For use with the Nikkei Center Suitcase, I wanted to create a lesson that could be used in upper elementary. This is the age range that most often checks out the suitcases. However, one has to be discerning of what one can discuss with students at that age, and for the most part, I left that up to the person teaching the lesson. Therefore, this lesson focuses more on the changes in physical features. It is a compare and contrast lesson on the past and future. There are elements of history, current day features, discussion and writing. This is a lesson that focuses on Japan town before Japanese Incarceration during World War II. Students will gain an understanding of change over a long period of time as well as some of the causes for that change. Students will also gain some writing practice.
It was very interesting learning about a part of this city’s history. I feel that this lesson can be used and modified across the elementary grades and that it will give a foundation of deeper learning about the situation in the future. Having written several lessons at the third grade level at this point, I believe that this is both appropriate and useful at that grade.This lesson is merely a guide to a deeper lesson. Teachers may chose to modify it as they see fit for their classroom or grade level.
Class/Topic: Social Studies
Time: approx. 35 minutes for discussion and some writing time. Might be a good supplement for regular writing lesson.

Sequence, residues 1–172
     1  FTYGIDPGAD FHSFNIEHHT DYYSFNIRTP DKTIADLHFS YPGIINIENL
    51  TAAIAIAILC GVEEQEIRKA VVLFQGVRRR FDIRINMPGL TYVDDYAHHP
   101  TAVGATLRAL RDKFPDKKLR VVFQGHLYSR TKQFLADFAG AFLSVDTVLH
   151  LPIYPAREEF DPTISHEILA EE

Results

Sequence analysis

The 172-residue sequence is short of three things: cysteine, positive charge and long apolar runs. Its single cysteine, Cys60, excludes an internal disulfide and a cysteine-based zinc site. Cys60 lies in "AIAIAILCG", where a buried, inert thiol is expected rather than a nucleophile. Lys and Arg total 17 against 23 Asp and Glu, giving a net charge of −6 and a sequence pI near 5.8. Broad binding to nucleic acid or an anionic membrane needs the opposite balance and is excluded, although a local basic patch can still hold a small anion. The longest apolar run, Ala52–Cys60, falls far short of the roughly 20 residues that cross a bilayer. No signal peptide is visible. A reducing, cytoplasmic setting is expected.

Grade Level: 3-5 Date:
This lesson would be a basic overview of how things have changed in what used to be Japantown (and is now partly Chinatown) and what might have caused physical features as well as themes and ideas to change. To do this, students will look at old images; find similarities and differences to their own experiences and time. Then students will discuss and write about these themes. This is a lesson on the general Japanese-American experience before Japanese Incarceration occurred during WWII.
- Students will gain a familiarity with how and why things change over time.
- Students will be able to discuss things stay the same across time and how things change.
Students will be gaining knowledge of how to work with images and documents as well as gaining familiarity over their own community as it was in the past and how it is now. This will also give them experience in finding similarities and differences as well as some writing skills.
More: Download Incarceration Lesson PDF version of the complete lesson (81kb)
Image Credit: http://www.oregonencyclopedia.org/entry/view/oregon_nikkei_legacy_center/